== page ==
We're still very, very happy with the Matias switches we're using in the Model 01, but there's a chance you might see a future Keyboardio product with Kailh switches.
Other than that, the Global Sources show is a bit of a blur. We sat down with a dozen keyboard makers, many of whom had never before crossed our radar. We made valuable contacts, but mostly they're folks we're holding in reserve for the future.
In China, we met with six more keyboard makers and two more wood factories. We know that some of them have been following our backer updates (hi guys!) Because we're still negotiating with manufacturers, the vignettes about these visits are out of order and slightly anonymized. The manufacturers we met with varied wildly in scale, from folks who told us that they could make 15,000 keyboards in a month up to factories who do 500,000 keyboards in a slow month.
We only visited one keyboard factory that turned out not to be a factory. When we got there, we discovered that it was a small design office and, while the salesman was very excited about making the Model 01, the boss just...wasn't. In fact, they only make products with their own brand stamped in 4 inch high letters on the bottom. They mentioned that their factories are used by the manufacturer who bailed on us. The boss said that he might maybe be interested...if they could be our Chinese reseller. They weren't a great fit.
And then there was the factory we'd been most excited about before this trip. The salesperson had been friendly and engaged. Before we visited, they'd given us a rough, very round number for their proposed unit cost for the keyboard. It was too high, but we weren't entirely sure *why* it was too high. We asked them to send us their detailed quotation so we could try to suss that out. When we got to their factory, everything started out "right”. We sat with the general manager for tea. His office was spacious and clean. He had a nice big station showing a bunch of factory workers busily making keyboards. It wasn't until we moved to the conference room and were 15 minutes into the meeting that things got weird.
The factory's team was mostly speaking in Chinese and the folks from HWTrek were translating. Even without speaking Chinese, it was clear to Jesse that something was up. The factory's GM was getting agitated, speaking louder, faster and just not looking friendly. It came out that they hated our mechanical design. They didn't have suggestions for improvement. There was more agitated discussion. Eventually, the sales person explained that they really needed to know who else was bidding on the project. We talked a little more. It finally came out that they weren't willing to really consider the design or to give us a detailed quotation for the project until after we signed a contract with them. There were some red flags when touring the factory floor, too. But by that point, we knew that these folks weren't the right partner for use.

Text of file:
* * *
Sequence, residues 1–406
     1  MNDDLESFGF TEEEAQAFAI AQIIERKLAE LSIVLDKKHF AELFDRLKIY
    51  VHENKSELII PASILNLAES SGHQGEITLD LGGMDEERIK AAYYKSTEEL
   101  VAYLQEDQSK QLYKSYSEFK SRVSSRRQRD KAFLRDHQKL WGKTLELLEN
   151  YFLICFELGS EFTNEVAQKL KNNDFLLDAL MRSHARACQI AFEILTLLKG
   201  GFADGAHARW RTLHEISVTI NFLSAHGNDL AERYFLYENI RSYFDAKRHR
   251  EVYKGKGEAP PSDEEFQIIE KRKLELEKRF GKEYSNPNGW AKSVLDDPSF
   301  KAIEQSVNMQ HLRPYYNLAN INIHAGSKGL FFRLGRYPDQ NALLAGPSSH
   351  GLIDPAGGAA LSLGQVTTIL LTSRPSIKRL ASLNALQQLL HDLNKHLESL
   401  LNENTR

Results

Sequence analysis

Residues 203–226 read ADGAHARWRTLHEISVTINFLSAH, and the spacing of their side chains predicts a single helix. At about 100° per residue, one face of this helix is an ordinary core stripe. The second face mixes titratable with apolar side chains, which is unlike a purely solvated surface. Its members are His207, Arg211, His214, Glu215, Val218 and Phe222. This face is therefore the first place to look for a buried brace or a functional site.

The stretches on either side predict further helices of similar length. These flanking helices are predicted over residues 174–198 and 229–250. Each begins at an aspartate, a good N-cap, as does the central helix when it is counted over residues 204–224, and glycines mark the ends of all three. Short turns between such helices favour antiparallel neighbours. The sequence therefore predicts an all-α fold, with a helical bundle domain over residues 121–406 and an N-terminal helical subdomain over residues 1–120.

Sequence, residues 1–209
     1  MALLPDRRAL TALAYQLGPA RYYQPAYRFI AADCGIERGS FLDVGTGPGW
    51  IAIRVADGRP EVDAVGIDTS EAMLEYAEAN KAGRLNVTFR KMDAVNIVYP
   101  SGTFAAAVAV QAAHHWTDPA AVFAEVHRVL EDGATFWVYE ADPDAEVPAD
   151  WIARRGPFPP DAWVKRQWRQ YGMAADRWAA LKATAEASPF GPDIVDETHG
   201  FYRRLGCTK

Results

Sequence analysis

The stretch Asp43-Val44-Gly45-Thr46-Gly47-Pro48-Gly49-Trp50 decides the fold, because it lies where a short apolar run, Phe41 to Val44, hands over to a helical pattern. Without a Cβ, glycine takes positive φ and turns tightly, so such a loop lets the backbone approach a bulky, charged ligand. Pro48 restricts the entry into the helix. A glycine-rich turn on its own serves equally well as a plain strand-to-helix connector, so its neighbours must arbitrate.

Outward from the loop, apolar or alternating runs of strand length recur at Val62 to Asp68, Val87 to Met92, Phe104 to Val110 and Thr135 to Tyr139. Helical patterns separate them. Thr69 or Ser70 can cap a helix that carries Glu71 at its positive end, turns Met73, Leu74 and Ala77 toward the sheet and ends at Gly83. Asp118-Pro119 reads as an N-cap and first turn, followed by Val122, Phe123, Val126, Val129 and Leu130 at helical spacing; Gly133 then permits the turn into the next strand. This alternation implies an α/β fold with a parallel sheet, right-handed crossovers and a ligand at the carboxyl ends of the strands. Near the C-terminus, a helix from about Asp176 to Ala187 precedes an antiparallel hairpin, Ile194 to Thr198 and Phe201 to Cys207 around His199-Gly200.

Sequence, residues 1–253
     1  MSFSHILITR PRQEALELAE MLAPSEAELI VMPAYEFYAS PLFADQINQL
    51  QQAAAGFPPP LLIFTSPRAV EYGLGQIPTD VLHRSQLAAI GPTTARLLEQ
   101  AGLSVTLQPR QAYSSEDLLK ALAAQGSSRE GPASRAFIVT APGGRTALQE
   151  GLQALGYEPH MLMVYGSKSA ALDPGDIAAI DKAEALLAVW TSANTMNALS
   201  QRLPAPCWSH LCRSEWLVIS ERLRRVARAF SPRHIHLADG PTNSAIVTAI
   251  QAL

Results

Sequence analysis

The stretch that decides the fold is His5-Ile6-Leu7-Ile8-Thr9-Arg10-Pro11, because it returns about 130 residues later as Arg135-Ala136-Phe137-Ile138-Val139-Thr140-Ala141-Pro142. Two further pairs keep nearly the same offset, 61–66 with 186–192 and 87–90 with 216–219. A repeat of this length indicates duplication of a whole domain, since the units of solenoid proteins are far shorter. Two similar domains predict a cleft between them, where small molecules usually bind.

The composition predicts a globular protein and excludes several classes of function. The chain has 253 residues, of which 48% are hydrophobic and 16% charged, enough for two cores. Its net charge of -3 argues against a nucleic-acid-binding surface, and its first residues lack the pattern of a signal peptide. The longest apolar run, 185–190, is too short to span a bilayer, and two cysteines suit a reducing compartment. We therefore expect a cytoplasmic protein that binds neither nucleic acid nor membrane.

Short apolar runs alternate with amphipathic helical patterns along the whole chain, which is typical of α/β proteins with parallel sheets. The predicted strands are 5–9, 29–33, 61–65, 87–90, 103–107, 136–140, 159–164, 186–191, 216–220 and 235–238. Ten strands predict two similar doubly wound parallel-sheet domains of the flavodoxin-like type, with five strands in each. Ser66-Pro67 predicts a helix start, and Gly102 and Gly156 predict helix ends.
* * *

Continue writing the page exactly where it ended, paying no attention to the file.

One of the keyboard makers we visited told us they do both OEM and ODM designs, but tend to focus their efforts on rectangular keyboards for larger customers. While not necessarily what we wanted to hear, it's nice when folks are up-front about stuff like that. That said, they make very nice rectangular keyboards. Touring their factory, we got to see high-volume keyboards being made for some of the world's largest brands. While talking about feet and interconnect mechanisms, they told us that they really appreciated the fact that we'd brought prototypes of our foot and hinge designs—since they'd previously designed very similar parts but hadn't been sure they wouldn't work until they saw ours. Perhaps a bit of a backhanded compliment, but we'll take what we can get. While we were talking, they brought in their mechanical designer, who sketched out a couple interesting ideas for easy-to-manufacture feet that might work well for us. Because their senior EE is out on parental leave, they've warned us that we may not see a full quote for several more weeks.
The other massive-scale keyboard factory we visited on this trip was, hands-down, the most automated keyboard manufacturer we've ever visited. They had 3 or 4 wave-soldering production lines for mechanical keyboards operating while we were there. Like some of the other shops we visited, they were using automated keyswitch insertion machinery, though as of right now that machinery only works with traditional MX-style keyswitches being inserted into regular keyboards. Because our keyswitches are angled to match your fingers, they'd need to be hand-inserted. They were using computer vision to check that key labels were painted on correctly. They had machines that could automatically perform many of the assembly steps done by humans at every other keyboard factory we've visited. For some reason we weren't able to figure out, they even had a machine to automatically verify N-key rollover. Interestingly, they were the only factory we've visited in China where some of the assembly line workers were listening to music.
In the sales meeting, they told us that we could expect the manufacturing process to take about 3 months from the time we sign the contract to the time that units start rolling off the production line. That's just a little bit faster than the four-month lead time that seems to be pretty standard. We're expecting to see their quotation in the next few days. In terms of manufacturing capabilities, these folks were the nicest keyboard factory we've ever visited. The big concern we'd have about working with them is that we'd be a very small customer for them and that we're not meeting with senior management.